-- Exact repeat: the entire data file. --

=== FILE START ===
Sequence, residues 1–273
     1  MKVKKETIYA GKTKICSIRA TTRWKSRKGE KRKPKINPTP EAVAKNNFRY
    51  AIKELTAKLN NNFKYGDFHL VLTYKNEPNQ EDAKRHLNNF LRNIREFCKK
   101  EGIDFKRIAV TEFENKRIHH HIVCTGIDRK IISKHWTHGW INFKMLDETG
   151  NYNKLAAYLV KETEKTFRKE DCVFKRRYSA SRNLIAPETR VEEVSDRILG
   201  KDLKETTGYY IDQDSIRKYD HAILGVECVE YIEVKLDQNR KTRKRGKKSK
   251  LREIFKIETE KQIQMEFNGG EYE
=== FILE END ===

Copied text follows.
Sequence, residues 1–273
     1  MKVKKETIYA GKTKICSIRA TTRWKSRKGE KRKPKINPTP EAVAKNNFRY
    51  AIKELTAKLN NNFKYGDFHL VLTYKNEPNQ EDAKRHLNNF LRNIREFCKK
   101  EGIDFKRIAV TEFENKRIHH HIVCTGIDRK IISKHWTHGW INFKMLDETG
   151  NYNKLAAYLV KETEKTFRKE DCVFKRRYSA SRNLIAPETR VEEVSDRILG
   201  KDLKETTGYY IDQDSIRKYD HAILGVECVE YIEVKLDQNR KTRKRGKKSK
   251  LREIFKIETE KQIQMEFNGG EYE